But as we do this, we must remind ourselves again and again—as the liturgies of the traditional churches do in so many ways—that when we are telling the story of Jesus, we are doing so as a part of the community that is called to model this story to the world. –N. T. Wright
The Challenge of Jesus challenged my understanding of who Jesus was and is. In a way that Wright often does, he chops the feet off both conservative evangelicals and liberals. This can be both a strength and weakness. I found my understanding of the significance of the Temple for Christ’s vocation and for the gospel story expanded (more on that later). My only gripe if I must have one was that in several places bold statements are made without citation (see 45, 106, 131, 147). In many cases, these were statements I quite agreed with and wanted to further dig into, but there was nothing to follow up on.
In The Challenge of Jesus, Wright is at his best. He interacts with the historical Jesus crowd and he does so on their terms as a historian and, in my opinion, conclusively shows that Jesus was a real person who actually died and actually rose from the dead. He also very deftly situates his task within its proper context. He shows why we needed the Enlightenment (19-20), where modernism failed, and where postmodernism took over and where it too failed, and he does all this with an eye towards who Jesus is and was.
Wright sets out his plan of attack (33):
- “Where does Jesus belong within the Jewish world of his day?
- What, in particular, was his preaching of the kingdom all about?
- Why did Jesus die? In particular, what was his own intention in going to Jerusalem that last fateful time?
- Why did the early church begin, and why did it take the shape it did? Specifically, of course, what happened at Easter?
- How does all this relate to the Christian task and vision today?”
With regard to answering these questions, Wright succeeds. But especially for me the answer to question five was refreshing and encouraging. Best I’ve read so far—Wright answers the so what for Christian living as it relates to the gospel story. He gives major emphasis to the new exodus thread through out the New Testament and demonstrates thoroughly why we should be rehearsing it just as the saints in the Old Testament rehearsed the story of their Exodus. Wright says,
Before you can say ‘as Jesus to Israel, so the church to the world,’ you have to say ‘because Jesus to Israel, therefore the church to the world.” What Jesus did was unique, climatic, decisive. That, indeed, is the ultimate theological justification for continuing the quest for the historical Jesus. (181)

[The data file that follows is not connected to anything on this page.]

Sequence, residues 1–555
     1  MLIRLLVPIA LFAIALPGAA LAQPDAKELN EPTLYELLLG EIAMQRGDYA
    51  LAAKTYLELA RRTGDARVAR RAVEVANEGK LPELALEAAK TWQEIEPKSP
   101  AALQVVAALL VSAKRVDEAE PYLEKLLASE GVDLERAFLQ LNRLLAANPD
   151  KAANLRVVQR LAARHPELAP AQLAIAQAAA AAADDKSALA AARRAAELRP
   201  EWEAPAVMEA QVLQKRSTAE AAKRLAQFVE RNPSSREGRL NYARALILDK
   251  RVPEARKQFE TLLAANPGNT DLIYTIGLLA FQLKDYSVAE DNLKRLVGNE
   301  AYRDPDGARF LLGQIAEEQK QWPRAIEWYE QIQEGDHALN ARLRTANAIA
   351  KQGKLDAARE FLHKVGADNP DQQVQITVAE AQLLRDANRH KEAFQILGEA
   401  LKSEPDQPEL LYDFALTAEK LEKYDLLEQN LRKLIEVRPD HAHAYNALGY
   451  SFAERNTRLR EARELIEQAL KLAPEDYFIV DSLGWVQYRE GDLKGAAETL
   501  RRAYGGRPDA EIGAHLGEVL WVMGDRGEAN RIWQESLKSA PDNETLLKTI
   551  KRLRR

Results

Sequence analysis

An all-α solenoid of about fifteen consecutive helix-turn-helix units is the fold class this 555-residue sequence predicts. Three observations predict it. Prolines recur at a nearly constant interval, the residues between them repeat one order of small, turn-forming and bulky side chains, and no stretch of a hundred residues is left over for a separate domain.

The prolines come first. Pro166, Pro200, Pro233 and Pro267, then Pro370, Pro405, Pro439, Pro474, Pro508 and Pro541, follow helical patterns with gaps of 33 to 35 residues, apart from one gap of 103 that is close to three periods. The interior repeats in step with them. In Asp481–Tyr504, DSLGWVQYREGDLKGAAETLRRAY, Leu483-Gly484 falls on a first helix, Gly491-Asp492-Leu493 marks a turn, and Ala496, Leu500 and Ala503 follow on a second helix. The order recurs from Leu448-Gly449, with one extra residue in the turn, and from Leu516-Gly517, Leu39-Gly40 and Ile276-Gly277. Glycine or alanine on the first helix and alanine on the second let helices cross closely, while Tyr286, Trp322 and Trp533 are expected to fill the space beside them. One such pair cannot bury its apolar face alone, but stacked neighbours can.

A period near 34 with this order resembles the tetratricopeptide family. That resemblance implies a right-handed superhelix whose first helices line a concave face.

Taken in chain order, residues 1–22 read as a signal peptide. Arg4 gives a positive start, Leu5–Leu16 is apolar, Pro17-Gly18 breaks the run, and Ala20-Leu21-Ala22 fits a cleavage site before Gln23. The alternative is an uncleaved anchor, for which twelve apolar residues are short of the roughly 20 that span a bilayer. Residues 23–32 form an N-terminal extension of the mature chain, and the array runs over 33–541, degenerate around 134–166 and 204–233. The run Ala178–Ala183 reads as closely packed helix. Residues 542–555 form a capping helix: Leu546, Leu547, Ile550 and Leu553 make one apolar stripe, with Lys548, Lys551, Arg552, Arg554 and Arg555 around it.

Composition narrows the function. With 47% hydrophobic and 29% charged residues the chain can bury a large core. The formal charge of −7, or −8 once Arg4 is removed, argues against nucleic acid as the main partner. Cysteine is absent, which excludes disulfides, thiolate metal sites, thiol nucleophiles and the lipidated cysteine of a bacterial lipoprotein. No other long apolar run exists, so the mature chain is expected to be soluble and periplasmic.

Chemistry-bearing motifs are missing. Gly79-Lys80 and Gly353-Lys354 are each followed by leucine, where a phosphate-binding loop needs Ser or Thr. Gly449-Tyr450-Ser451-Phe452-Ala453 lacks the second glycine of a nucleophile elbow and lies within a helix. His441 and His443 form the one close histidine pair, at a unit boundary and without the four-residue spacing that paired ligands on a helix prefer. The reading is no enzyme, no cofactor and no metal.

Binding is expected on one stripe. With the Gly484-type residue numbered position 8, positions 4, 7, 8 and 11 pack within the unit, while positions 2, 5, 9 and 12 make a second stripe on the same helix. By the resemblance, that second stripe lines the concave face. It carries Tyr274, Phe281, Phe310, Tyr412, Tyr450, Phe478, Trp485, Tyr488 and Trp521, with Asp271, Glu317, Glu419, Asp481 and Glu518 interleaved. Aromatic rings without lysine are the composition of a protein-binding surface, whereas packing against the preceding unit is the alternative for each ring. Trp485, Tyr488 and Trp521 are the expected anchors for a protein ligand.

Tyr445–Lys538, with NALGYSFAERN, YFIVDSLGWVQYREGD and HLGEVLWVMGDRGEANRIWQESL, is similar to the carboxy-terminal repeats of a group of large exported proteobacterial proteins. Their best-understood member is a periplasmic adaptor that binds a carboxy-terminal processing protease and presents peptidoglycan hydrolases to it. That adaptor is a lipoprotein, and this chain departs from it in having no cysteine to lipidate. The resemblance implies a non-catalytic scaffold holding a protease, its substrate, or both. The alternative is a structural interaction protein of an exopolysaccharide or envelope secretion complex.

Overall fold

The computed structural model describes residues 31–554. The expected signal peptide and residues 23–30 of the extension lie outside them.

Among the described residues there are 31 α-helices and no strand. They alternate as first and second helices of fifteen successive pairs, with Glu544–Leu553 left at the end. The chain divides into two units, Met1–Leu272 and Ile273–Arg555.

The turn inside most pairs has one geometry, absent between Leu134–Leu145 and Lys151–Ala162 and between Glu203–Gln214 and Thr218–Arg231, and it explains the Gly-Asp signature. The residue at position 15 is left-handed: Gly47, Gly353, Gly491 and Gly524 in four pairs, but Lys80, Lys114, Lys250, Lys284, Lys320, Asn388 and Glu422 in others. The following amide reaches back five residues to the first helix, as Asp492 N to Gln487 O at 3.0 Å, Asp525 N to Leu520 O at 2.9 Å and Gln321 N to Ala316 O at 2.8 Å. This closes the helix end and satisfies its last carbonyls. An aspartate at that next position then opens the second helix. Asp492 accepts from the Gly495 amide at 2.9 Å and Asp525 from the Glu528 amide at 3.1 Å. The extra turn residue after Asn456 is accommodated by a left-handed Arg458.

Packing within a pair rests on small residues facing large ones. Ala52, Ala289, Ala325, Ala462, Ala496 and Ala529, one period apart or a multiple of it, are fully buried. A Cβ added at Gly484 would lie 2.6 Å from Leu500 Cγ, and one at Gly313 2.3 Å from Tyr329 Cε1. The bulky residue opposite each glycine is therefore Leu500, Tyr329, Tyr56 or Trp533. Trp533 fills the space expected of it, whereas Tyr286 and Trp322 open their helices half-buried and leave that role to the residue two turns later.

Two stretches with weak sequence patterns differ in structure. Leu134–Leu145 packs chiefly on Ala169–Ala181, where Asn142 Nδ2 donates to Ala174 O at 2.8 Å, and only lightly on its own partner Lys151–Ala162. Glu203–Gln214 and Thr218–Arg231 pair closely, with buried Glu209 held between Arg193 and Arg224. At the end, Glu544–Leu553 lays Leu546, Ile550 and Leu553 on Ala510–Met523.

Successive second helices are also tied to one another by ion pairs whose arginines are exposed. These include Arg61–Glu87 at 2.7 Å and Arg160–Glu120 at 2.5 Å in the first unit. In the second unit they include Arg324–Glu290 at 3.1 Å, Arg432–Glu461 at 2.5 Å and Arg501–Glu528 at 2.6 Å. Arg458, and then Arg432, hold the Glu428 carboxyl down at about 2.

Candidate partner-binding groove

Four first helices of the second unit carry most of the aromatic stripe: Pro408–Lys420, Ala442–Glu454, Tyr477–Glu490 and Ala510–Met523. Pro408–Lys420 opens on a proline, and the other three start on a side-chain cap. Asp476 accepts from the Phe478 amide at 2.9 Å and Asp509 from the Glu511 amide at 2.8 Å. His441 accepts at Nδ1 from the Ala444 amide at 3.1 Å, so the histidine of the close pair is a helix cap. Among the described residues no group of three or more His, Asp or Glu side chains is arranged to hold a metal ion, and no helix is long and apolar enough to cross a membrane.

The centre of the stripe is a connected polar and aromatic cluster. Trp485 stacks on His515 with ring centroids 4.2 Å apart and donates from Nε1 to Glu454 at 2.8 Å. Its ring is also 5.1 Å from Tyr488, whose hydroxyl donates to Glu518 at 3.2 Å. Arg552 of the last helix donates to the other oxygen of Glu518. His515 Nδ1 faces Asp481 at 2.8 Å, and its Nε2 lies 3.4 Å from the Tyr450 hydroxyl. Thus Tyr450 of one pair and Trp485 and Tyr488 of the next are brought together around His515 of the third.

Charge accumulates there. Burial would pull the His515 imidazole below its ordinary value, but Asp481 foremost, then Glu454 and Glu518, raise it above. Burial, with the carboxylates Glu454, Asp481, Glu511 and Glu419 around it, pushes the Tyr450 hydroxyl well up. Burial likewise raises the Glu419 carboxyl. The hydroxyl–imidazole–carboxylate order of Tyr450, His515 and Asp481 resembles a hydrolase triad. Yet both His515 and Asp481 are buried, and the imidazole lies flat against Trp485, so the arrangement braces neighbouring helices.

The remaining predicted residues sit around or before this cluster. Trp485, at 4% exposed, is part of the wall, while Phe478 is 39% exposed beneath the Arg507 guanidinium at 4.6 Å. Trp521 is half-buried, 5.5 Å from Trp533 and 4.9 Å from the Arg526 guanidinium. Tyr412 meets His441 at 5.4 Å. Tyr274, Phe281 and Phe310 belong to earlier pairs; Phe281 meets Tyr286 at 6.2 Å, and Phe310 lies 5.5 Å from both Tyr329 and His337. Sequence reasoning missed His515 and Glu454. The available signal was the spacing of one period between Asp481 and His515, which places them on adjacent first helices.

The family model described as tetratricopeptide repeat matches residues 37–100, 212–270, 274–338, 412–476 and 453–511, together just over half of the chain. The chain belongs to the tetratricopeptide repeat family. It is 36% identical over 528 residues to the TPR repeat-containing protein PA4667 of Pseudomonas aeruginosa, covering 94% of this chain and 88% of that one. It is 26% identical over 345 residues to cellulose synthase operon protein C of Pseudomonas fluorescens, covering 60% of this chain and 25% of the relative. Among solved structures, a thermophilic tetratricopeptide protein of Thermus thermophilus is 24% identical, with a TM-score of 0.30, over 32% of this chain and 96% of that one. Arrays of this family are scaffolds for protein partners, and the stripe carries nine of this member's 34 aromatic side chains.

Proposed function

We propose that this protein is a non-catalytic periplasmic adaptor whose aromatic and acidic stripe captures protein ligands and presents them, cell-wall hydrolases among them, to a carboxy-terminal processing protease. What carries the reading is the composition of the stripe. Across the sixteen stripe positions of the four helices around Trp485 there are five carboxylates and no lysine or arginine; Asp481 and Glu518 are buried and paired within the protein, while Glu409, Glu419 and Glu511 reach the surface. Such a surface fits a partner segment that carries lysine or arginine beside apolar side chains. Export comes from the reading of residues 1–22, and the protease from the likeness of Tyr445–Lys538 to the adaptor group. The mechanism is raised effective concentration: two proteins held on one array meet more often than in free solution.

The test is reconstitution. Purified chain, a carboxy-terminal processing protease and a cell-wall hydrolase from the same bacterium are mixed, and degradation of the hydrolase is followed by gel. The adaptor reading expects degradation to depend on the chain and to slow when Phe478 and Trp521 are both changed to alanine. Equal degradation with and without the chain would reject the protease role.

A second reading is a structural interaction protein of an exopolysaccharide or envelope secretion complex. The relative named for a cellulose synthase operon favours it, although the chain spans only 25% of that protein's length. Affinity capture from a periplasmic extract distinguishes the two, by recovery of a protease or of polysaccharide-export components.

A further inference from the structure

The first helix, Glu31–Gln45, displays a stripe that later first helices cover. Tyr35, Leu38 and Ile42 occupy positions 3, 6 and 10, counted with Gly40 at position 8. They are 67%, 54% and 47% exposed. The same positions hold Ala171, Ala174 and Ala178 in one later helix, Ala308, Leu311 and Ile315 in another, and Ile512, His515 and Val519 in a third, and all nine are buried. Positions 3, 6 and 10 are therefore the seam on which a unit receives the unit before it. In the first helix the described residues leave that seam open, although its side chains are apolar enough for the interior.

The gospel of Jesus points us and indeed urges us to be at the leading edge of the whole culture, articulating in story and music and art and philosophy and education and poetry and politics and theology and even heaven help us, biblical studies, a worldview that will mount the historically rooted Christian challenge to both modernity and postmodernity, leading the way into the post-postmodern world worth joy and humor and gentleness and good judgement and true wisdom. (196)
Here are some areas that made me think hard and pushback. Wright deals a lot with the Temple and he offers an alternate take on Matthew 24 where the passage isn’t about the second coming but about God coming to Jerusalem (117-120). This was an area of thinking hard. I’ve got the section and those passages marked for further study. Also, a major question Wright answers is whether Jesus knew he was God. Wright’s answer is a qualified no. He argues Jesus knew the ways the Messiah would bring about the kingdom and acted accordingly—heavy emphasis on vocation. He demonstrates the importance of the Torah, Temple, Word, Spirit, and Wisdom for Israel. But I’m not sure you can draw such a fine line between Jesus knowingly acting in ways only God would act and him being consciously aware he was God. It seems like an unnecessary distinction. This was an area of pushback.
Overall, an excellent primer for those new to Wright and in my estimation a must read due to his interaction with the historical Jesus crowd and also his dominating handling of the story of the gospel and the new exodus theme. I’m more and more convinced that seeing what Jesus did in terms of a new exodus is a missing note in the drum beat of the church’s preaching and teaching today. We need more of this and Wright provides an excellent launching pad.
Disclosure of Material Connection: I received this book free from the publisher. I was not required to write a positive review. The opinions I have expressed are my own. I am disclosing this in accordance with the Federal Trade Commission's 16 CFR, Part 255: "Guides Concerning the Use of Endorsements and Testimonials in Advertising.
Mathew B. Sims is the author of A Household Gospel: Fulfilling the Great Commission in Our Homes and a contributor in Make, Mature, Multiply (GCD Books). He completed over forty hours of seminary work at Geneva Reformed Seminary. He also works as the managing editor at Gospel-Centered Discipleship and the project manager for the Journal of Biblical Manhood and Womanhood. Mathew offers freelance editing and book formatting services. He is a member at Downtown Presbyterian Church in Greenville, SC.